Wednesday, October 20, 2010

Scripture leads to truth . . .

A simple statement which most of us would accept without much fuss but I believe a dangerous one.  It is always dangerous to separate Scripture from its message and truth, as if it were merely a means of conveyance.  The truth of and in the Scriptures is Jesus Christ.  Christ is the Word that speaks and what that Word speaks.  We have the same problem with the Sacraments.  When we view them merely as pipelines that deliver something to us, we miss the whole point of them.  The Sacraments are Christ in our midst just as the Word is.  It is through the Word and Sacraments that His claim to be Emmanuel is fulfilled and His promise not left to the emptiness of a notion or feeling or spiritual presence.

As Lutheran Christians we tend to borrow vocabulary more from Protestants than from Rome or Constantinople and in doing so we undercut what it is that we say we believe, teach, and confess about the Word and Sacraments of our Lord.  They bring us Christ.  That is their power and their gift.  Where Christ is there is forgiveness of sins and where there is forgiveness of sins, there is life and salvation. 

It is the same when it comes to worship.  We act as if worship were either all about us and what we do and bring or simply a peripheral connection to Jesus.  What happens on Sunday morning is that Christ comes to us, according to His promise, and in the Word and Sacraments of His promise, He delivers nothing less than His very self to us -- the living voice that absolves us of our sins, the living water that gives life to what is dead, and the living food that feeds us to eternal life.  He is the Giver and the Gift, the Priest and the Victim.  Until we recover this understanding, it will continue to be easy for folks to miss Sunday morning and then to ask "Did I miss anything?"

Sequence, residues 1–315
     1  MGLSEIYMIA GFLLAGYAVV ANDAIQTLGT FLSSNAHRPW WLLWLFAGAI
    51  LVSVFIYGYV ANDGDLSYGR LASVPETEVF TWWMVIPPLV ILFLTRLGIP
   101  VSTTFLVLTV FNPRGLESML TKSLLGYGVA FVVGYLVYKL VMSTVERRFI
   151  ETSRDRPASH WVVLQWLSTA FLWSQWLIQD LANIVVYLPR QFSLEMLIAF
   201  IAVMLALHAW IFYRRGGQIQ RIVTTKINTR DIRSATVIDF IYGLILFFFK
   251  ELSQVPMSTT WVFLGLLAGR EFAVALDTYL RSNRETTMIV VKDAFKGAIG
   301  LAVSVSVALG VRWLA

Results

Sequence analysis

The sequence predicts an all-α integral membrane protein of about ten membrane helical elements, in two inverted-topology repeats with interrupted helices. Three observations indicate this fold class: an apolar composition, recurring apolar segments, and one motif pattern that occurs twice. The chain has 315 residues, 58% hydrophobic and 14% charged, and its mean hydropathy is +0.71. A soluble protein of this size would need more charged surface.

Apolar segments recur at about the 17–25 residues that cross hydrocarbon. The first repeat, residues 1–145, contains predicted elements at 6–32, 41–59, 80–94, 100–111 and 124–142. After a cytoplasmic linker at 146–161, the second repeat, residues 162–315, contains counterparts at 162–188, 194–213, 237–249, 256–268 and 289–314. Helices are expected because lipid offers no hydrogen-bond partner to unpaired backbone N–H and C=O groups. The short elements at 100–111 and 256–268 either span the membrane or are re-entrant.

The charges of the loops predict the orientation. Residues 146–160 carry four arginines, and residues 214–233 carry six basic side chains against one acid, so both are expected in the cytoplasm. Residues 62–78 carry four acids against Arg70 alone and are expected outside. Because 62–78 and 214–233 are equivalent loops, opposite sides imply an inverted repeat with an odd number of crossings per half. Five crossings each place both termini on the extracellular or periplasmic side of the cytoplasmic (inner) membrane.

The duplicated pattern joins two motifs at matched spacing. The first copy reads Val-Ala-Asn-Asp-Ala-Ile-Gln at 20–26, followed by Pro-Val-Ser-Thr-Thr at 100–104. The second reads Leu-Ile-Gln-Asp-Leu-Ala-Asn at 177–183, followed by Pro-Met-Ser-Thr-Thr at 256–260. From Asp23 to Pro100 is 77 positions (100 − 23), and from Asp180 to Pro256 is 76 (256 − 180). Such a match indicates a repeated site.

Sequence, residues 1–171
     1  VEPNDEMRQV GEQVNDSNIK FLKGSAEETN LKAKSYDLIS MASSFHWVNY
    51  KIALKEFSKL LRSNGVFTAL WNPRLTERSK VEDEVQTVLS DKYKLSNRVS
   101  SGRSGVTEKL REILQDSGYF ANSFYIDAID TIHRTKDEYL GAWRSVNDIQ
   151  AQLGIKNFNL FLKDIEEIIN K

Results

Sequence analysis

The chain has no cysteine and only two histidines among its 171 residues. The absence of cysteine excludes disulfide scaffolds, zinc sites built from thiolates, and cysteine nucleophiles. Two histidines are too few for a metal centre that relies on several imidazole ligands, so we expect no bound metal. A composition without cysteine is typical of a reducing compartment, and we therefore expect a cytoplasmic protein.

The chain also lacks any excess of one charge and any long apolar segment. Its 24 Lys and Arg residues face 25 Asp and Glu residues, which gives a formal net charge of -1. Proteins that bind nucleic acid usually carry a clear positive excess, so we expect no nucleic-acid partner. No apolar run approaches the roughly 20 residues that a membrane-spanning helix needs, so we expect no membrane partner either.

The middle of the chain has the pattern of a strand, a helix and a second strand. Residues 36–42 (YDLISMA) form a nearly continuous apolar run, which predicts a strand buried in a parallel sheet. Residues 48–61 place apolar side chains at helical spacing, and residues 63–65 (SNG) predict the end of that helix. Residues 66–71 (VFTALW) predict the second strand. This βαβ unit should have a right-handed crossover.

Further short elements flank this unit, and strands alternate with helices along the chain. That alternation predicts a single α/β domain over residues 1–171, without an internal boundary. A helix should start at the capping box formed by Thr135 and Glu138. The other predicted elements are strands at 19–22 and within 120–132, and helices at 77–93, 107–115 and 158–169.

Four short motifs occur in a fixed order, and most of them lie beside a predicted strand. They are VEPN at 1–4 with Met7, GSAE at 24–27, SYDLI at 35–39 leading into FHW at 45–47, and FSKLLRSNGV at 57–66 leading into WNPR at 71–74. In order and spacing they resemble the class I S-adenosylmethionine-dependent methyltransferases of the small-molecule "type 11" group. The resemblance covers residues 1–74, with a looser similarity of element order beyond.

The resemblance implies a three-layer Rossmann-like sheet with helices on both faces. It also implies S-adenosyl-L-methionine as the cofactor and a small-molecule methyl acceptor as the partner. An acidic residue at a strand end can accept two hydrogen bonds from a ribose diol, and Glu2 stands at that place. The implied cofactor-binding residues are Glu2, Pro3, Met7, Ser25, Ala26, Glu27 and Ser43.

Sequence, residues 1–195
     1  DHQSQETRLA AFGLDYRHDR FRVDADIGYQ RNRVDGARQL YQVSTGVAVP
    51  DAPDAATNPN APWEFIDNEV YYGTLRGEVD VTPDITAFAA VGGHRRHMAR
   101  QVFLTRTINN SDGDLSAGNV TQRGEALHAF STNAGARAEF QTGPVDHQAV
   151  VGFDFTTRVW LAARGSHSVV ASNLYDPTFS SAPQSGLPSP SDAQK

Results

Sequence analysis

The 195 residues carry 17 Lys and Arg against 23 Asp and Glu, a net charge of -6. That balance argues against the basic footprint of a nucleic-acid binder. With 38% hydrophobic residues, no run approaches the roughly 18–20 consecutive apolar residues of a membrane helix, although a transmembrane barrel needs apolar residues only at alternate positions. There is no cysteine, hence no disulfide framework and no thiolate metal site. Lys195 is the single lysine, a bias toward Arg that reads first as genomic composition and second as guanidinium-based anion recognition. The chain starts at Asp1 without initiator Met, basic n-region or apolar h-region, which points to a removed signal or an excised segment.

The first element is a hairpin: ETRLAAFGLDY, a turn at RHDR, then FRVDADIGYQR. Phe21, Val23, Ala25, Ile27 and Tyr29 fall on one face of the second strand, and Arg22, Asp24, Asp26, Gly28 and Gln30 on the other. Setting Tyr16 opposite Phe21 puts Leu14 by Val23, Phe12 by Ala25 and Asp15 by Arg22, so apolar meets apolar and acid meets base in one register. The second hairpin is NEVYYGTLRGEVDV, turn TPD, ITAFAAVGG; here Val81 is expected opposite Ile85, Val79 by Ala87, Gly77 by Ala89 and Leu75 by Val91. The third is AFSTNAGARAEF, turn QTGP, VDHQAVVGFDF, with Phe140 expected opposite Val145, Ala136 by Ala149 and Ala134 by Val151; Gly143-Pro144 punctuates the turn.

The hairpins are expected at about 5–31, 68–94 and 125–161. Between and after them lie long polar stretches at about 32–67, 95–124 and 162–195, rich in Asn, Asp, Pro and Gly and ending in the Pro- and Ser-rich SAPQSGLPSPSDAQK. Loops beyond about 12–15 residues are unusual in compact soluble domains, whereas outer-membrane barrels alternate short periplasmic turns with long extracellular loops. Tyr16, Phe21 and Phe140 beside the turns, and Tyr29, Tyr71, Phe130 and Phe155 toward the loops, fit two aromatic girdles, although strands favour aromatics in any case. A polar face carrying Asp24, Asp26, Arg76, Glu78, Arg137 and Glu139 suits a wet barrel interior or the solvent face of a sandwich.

Scripture does not lead to truth -- it is no treasure map given to us to lead us to something hidden and rich.  Thy Word is truth.  It is truth not in the sense of propositional truths to which we must given our assent, but the truth which is Christ incarnate.  It is a decidedly Protestant idea and the fruit of the radical reformation to make this distinction between the truth and the Word that speaks it (just as they build a brick wall between the earthly elements of the Sacraments and the Christ who established them as His means of grace).

Only the Spirit can open our eyes to see, our minds to understand, and our hearts to believe this.  It is the unreasonable conviction that screams impossibility and the mystery that cannot be comprehended.  It can only be believed and, believing, received for our salvation.

I still recall the shock on one parishioner's face when he asked me, "What did I miss?"  And I responded, "You missed the Son of God enter into the congregation, forgiving our sins, transforming our minds and hearts, feeding us heavenly food, and set us apart as those whom He has sent to bear His name to the world..."  And his response, "No, really, did I miss anything..."   No, I guess not.... sigh...


Anonymous said...

Excellent post. What you said is stressed over and over again in Dr. Just's dvd series "Liturgy: Yesterday, Today, Tomorrow". Where Christ is, there is forgiveness, life, and salvation. What wonderful good news! Who wouldn't want to be in the Lord's house on the Lord's day to receive these gifts especially at the Lord's table? "Nah, Pastor, I can worship God from the golf course, deer stand, and ball field."

Chris said...

We Orthodox teach that Scripture is an icon, an image of Christ. It is not a mere roadmap (though I admit I don't believe that calling it such is a bad comparison) but is an embodiment (as much as that can happen for God) of the very Christ.

Anonymous said...

Your analogy is like the denomination
that says Scripture "contains" the
Word of God versus the LC-MS which
says Scripture "is" the Word of God.